World Footwear


TPP is an exciting opportunity for the footwear industry in the US

Oct 22, 2015 United States
TPP is an exciting opportunity for the footwear industry in the US
The words are from Matt Priest, President of the FDRA, on a reflection about the recently announced Trans Pacific Partnership (TPP), a free trade agreement between the US and 11 Pacific countries
The biggest expectation for Mr. Priest is the approval of the TPP by the US Congress. As soon as next year. Now, the American footwear industry will work towards that passage, and the role of the FDRA will be more vital than ever: “When the US Congress was debating whether or not to provide President Obama with Trade Promotion Authority (TPA), FDRA led the fight and organized the industry to send over 6 000 letters to Members of Congress. An even more sustained and impactful effort will be needed to pass TPP and we are vigorously working to implement this more robust strategy as we speak”, Mr. Priest stated.

For the President of the FDRA the 2.7 billion US dollars in duties on footwear imports collected by the US Government last year are more than sufficient reasons to understand the expectations of the footwear industry in seeing this deal in place. Especially, as roughly 450 million US dollars of those duties were paid on shoes made in TPP countries — 99% of which were paid on imports of Vietnamese footwear.  As such, by making deep “cuts into such a large duty burden on a product everyone buys, will lead to an impact on the US economy that can only be positive in exponential ways.  This is a very exciting opportunity for our industry and our customers”, he added.

In terms of concerns and negative impacts to the US economy, Mr. Priest only claims the worries about delays passing it and implementing it caused by the US presidential politics. The concern is raised as some candidates on both sides of the political aisle have voiced opposition to the TPP. For these, and for any opposing to the implementation of the deal, Mr. Priest says this should be seen as an “effective diplomatic tool and a way in which we express positive American leadership in the world.  And let’s not forget, it will also grow our economy!” 

For Mr. Priest the benefits of the TPP are clear and undeniable, in terms of tariffs and non-tariffs barriers to imports. The footwear market in the US will be a winner with the implementation of this deal considering the incipient manufacturing industry in the US and the dependence on external producers.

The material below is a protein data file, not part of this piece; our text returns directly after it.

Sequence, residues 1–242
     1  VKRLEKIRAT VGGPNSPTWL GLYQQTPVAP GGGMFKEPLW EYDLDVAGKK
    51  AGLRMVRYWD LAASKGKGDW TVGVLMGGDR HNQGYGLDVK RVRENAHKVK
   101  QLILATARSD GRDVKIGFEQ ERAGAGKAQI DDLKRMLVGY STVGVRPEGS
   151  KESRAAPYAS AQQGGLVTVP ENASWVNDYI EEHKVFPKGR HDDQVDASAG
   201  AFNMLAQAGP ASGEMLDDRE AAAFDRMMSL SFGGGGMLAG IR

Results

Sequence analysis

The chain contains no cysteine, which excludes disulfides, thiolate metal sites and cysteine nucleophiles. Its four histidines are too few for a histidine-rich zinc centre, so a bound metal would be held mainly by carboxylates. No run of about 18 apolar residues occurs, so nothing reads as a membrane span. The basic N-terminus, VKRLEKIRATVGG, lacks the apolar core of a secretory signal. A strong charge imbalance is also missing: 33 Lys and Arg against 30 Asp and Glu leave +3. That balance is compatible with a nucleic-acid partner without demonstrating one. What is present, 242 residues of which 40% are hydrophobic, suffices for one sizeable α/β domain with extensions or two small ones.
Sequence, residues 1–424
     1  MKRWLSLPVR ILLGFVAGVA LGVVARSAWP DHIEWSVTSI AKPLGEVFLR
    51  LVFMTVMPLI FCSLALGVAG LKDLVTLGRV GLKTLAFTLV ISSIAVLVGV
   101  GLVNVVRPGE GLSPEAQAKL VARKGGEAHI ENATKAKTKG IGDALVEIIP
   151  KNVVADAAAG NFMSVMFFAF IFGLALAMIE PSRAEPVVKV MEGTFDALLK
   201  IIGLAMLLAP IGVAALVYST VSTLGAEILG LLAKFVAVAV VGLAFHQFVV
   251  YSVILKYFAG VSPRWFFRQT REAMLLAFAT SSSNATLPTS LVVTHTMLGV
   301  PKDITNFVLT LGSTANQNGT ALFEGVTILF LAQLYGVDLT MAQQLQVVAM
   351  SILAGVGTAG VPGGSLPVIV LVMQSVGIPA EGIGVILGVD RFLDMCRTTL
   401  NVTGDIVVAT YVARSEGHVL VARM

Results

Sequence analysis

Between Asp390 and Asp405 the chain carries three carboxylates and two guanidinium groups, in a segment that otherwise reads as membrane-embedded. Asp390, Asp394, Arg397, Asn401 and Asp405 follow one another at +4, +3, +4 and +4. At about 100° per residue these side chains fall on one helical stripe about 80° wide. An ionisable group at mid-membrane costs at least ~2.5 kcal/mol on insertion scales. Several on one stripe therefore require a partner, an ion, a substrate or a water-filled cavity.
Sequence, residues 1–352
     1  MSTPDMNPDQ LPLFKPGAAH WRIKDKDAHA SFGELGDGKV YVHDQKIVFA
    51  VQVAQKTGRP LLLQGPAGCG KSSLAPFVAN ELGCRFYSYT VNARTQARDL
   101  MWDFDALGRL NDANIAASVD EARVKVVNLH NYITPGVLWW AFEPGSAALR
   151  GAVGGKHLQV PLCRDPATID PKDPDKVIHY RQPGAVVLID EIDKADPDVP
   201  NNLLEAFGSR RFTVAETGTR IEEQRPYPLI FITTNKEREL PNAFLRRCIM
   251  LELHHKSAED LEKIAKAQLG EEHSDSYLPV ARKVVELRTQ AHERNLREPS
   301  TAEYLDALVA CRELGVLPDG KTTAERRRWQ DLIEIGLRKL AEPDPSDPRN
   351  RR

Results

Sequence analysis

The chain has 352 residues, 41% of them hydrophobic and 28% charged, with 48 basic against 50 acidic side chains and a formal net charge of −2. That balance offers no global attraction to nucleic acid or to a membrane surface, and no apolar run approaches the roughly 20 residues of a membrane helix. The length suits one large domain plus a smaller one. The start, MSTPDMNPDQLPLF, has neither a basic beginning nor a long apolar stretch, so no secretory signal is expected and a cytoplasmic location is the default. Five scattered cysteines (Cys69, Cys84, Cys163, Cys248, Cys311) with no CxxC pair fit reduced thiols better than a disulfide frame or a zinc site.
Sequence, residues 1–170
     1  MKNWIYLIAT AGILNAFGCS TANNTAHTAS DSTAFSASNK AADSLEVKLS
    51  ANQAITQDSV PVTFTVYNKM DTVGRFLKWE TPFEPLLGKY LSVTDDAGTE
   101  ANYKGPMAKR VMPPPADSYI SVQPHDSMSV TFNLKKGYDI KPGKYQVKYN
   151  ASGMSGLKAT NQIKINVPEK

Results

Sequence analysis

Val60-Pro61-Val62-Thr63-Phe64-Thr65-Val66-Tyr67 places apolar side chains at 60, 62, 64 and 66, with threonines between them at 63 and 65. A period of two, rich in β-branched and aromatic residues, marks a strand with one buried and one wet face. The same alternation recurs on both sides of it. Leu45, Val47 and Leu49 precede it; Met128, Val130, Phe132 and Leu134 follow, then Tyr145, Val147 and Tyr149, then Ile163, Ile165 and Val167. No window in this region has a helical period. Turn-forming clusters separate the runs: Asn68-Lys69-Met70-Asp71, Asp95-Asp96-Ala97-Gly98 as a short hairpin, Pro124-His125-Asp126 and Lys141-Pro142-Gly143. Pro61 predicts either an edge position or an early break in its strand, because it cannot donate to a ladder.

3 Q&A to better understand the impacts of the TPP

There is an expectation that import’s tariffs can be cut to zero. When can we expect a complete elimination of tariffs will be fully implemented in the region?
A vast majority of import tariffs on footwear will be cut to zero on day one.  For those shoes that are deemed more politically sensitive, even with such limited and infinitesimal US production, the tariffs will see an up front percentage cut and then full elimination by year 12 of the agreement, assuming those products meet the rule of origin.  We will be providing specific and tailored guidance to our members regarding the tariff schedule and rules of origin once we can release those details to the public.

Footwear is frequently pointed as one of the industries which will benefit the most with this deal. In your view what will be the main gains of this deal for the footwear industry in the 12 involved countries? And for the US in particular?
The main benefit we see is the elimination of duties on an item on which the US Government charges exorbitant duties and one in which customers have to buy.  We have very limited domestic production of footwear that by no means justifies such a regressive policy on our consumers.  This agreement will go a long way in rectifying this misguided policy at a time when Vietnam is growing in importance as a supplier of footwear to the US market.

There is also an expectation around topics such intellectual property, environment and labour pratices. What expectations do you have around TPP in these topics?
These are all important topics around any trade negotiation and help codify many of the standards US companies have helped establish in countries all over the world — that protection of intellectual property, the environment around us and the basic rights of workers globally are worthy and honorable initiatives that need priority in any global trade negotiation.  We have seen a strong desire on behalf of our trading partners to raise their standards in order to take advantage of such a robust and forward-thinking agreement.  These won’t always be easy reforms but they are reforms all 12 nations have listed as a priority.  In many ways, TPP will help accelerate our progress in each of these areas.  

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